Bonus: This book will appeal strongly to anyone who ever felt like an outsider. Perfect for starting discussions in the classroom, or with your kids at home, about bullying, about tolerance, and about diversity.   
My favorite line:  "I imagined a hole cracking open and transporting me into another dimension so I wouldn't have to listen to my mother."  (p. 88)

Erin's website
Follow Erin on Twitter


Apple's favorite Beatles song is "Blackbird Fly" and mine is "Here Comes the Sun."  What's your favorite?


Monday, March 30, 2015

Absolutely Almost



Absolutely Almost by Lisa Graff (for ages 8 to 12, Philomel, June 2014)

Source: my local library

Synopsis (from Indiebound): Albie has never been the smartest kid in his class. He has never been the tallest. Or the best at gym. Or the greatest artist. Or the most musical. In fact, Albie has a long list of the things he's not very good at. But then Albie gets a new babysitter, Calista, who helps him figure out all of the things he is good at and how he can take pride in himself.

Why I recommend it: Kudos to Lisa Graff for being brave enough to create a character who is ordinary. This is a quiet, thought-provoking novel (if you're looking for fast-paced action, you'll need to look elsewhere). But if you like the idea of reading about an "almost" kid, who's not the best at anything (in other words, maybe you or someone you know), this book will warm your heart. Because even though Albie isn't good at anything like math or reading or art, he's kind and compassionate. And that's good enough, right?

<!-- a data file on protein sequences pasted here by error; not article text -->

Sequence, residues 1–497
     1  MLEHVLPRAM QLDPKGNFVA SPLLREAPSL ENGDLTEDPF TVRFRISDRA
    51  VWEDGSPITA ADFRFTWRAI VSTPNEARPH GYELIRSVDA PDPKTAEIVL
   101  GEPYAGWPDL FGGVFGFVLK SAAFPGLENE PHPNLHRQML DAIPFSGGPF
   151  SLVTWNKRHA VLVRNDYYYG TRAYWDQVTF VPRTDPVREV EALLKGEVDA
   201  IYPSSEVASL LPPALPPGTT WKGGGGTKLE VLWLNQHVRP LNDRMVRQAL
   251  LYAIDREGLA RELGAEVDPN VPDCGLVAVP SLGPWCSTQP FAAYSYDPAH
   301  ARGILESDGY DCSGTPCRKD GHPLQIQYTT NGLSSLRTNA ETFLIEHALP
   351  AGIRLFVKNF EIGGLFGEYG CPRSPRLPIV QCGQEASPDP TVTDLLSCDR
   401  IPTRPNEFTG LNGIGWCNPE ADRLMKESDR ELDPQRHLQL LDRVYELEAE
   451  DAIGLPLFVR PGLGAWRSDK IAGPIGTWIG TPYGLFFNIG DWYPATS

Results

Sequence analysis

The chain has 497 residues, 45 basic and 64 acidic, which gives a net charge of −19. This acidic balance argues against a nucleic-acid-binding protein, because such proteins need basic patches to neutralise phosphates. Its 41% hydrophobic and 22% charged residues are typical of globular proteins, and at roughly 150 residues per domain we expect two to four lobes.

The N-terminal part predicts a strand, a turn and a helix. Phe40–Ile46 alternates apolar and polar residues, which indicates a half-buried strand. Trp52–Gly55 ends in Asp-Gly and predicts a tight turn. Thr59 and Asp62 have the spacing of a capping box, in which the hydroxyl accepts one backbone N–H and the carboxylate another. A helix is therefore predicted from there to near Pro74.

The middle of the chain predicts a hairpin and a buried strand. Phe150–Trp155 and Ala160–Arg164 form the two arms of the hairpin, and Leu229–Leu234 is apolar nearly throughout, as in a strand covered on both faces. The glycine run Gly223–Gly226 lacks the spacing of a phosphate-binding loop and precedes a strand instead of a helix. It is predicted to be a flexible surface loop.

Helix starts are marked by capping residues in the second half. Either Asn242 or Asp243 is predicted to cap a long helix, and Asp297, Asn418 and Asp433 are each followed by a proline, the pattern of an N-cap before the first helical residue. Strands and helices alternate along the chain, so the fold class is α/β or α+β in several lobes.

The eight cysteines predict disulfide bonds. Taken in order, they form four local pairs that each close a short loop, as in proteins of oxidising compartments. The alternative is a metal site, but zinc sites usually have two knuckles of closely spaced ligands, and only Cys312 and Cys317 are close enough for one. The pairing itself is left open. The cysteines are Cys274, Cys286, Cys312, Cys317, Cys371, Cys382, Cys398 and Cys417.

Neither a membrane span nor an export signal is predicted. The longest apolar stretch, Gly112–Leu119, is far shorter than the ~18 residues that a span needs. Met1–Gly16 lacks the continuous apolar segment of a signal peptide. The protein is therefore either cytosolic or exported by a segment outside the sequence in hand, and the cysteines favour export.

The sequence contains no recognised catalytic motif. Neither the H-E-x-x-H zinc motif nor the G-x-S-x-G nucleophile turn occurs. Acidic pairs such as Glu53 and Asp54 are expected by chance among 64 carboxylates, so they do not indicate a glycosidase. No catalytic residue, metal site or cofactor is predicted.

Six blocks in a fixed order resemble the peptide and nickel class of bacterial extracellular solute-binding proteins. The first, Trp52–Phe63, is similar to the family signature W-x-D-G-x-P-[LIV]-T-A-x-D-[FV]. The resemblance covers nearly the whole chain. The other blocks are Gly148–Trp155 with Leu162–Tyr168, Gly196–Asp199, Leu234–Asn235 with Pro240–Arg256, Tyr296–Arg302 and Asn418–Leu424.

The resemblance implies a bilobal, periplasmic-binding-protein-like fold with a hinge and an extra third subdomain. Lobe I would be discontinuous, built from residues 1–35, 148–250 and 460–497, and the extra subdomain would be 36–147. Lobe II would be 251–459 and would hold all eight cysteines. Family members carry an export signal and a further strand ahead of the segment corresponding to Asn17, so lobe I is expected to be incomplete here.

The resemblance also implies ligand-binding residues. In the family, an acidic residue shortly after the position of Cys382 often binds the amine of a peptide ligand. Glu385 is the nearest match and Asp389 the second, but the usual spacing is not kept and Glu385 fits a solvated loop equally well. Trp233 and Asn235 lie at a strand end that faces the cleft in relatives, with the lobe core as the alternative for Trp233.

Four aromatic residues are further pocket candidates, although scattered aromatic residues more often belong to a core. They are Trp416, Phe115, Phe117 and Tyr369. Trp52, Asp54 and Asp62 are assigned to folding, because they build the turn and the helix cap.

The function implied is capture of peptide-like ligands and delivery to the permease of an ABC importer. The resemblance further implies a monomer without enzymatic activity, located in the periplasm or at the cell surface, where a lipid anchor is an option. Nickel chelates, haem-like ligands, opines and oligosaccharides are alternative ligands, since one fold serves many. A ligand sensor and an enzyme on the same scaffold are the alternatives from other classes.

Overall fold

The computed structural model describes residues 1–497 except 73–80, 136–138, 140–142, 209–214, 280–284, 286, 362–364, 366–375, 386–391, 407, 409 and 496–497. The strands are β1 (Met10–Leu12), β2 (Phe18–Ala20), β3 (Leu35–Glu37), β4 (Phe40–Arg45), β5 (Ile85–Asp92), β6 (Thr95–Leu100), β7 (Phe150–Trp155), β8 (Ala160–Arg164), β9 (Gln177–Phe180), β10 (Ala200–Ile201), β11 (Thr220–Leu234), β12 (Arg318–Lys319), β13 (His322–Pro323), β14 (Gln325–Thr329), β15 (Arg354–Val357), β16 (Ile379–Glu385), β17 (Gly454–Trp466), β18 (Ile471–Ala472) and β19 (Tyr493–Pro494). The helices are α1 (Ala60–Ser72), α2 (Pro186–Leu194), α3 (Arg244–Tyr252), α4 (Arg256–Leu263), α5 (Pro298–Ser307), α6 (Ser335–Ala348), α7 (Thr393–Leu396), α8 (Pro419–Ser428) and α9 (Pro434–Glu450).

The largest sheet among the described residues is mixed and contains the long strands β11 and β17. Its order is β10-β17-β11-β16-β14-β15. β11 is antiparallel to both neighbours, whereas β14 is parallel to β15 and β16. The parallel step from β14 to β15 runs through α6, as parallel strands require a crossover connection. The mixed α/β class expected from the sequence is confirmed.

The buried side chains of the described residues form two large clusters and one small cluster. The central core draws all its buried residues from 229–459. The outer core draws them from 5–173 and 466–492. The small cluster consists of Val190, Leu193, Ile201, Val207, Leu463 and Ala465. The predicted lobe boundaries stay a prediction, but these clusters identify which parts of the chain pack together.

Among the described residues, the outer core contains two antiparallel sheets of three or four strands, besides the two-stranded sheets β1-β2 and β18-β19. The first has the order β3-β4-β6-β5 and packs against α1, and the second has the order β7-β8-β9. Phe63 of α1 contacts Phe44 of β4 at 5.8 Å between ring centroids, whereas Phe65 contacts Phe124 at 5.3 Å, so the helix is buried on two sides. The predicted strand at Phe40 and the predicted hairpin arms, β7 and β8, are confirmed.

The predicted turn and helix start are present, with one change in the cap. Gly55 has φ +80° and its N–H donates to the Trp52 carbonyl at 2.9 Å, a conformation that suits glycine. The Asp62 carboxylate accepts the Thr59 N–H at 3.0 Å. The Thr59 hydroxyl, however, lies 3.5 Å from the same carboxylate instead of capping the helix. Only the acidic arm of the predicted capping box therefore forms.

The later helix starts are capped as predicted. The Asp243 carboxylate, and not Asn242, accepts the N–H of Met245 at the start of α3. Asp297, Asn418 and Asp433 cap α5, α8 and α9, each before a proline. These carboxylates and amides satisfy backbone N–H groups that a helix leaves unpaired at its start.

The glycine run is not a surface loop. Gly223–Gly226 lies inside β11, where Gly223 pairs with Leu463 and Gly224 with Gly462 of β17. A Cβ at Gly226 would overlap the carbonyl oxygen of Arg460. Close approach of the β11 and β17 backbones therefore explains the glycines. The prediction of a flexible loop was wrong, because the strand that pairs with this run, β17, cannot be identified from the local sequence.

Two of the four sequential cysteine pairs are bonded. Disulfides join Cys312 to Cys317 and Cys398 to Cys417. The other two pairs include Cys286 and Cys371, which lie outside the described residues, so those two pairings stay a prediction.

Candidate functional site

I've lived in New York City and the city setting is perfect for this book. I also loved Albie's math club teacher, Mr. Clifton, who starts each class with a really bad math joke. 

Bonus: Short chapters and smooth writing make this a winner for reluctant readers.

My favorite quote: "Then won't you be glad you found something you love?"

(This comes after Calista tells Albie to find something he wants to keep doing, and maybe if he practices enough, one day he'll discover he doesn't stink at it. Albie responds that he might still stink at it.)


Lisa Graff's website

Follow Lisa on Twitter

Monday, March 23, 2015